William Villiers Sankey came from aristocratic stock. The son of an Irish volunteer and Member of Parliament, he moved among the political elite of his day. Yet he also served as a delegate to the First Chartist Convention of 1839.
While representing Edinburgh at the convention, Sankey was profiled by The Charter newspaper. Both the profile and a portrait sketch which accompanied it now appear on Chartist Ancestors.
Sankey appears to have been a fiercely clever young man who considered the law, the church and medicine as potential careers before settling on a life as a professor of mathematics. He had also shown an aptitude for Ancient Greek and Hebrew studies.
As a convention delegate, Sankey proved to be somewhat erratic, voicing hard-line views before retreating to a moral force position as the convention went on.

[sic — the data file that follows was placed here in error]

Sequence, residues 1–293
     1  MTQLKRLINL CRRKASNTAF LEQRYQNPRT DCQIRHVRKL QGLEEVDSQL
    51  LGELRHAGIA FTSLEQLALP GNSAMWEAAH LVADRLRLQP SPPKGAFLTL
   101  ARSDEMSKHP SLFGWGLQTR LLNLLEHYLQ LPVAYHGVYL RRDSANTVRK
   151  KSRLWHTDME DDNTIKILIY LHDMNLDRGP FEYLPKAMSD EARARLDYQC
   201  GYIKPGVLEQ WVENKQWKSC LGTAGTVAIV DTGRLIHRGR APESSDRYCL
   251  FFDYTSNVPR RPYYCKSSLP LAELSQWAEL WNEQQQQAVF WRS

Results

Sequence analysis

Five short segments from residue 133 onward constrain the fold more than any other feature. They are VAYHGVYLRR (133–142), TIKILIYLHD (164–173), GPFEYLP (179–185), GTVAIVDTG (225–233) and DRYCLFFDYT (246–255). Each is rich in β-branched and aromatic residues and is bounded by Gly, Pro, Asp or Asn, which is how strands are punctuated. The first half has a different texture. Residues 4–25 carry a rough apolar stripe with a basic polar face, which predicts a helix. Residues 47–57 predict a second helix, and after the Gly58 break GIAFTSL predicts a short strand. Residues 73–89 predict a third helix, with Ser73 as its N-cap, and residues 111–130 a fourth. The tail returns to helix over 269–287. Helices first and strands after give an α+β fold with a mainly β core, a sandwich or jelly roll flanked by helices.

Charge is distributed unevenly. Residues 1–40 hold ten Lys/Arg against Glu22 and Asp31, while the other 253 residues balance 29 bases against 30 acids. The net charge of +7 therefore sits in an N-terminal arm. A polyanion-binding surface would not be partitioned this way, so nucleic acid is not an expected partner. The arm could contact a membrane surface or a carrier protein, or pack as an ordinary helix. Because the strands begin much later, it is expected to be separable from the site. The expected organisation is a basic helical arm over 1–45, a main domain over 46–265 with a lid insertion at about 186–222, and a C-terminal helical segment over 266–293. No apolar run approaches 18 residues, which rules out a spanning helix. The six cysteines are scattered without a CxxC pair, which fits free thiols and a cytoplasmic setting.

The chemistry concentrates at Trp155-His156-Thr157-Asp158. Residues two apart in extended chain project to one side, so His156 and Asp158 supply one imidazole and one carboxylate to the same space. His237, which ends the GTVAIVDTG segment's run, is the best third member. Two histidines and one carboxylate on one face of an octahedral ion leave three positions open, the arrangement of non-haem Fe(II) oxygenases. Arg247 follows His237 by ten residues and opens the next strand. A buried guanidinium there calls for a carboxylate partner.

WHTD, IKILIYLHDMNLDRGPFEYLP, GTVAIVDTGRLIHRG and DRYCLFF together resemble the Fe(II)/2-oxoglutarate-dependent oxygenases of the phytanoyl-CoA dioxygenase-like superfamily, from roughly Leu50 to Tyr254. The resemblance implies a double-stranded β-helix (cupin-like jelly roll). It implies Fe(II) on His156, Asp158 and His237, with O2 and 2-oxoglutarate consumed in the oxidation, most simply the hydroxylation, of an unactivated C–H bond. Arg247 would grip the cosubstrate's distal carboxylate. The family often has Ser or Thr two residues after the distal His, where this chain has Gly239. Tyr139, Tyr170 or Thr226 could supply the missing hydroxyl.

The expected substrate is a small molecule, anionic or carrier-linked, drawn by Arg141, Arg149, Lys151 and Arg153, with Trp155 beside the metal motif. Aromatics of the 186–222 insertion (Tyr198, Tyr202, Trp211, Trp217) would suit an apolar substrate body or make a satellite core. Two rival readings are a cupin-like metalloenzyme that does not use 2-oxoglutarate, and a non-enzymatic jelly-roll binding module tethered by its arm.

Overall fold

However, his sympathy for the Chartist cause outlasted the first flush of enthusiasm, and he was still politically active in the early 1840s, all the while contributing his thoughts on mathematics and other subjects to specialist publications.
In Friends of the People: The Uneasy Radicals in the Age of the Chartists Owen Ashton and Paul Pickering focus on six middle class Chartist leaders, among them William Villiers Sankey. Order this book online.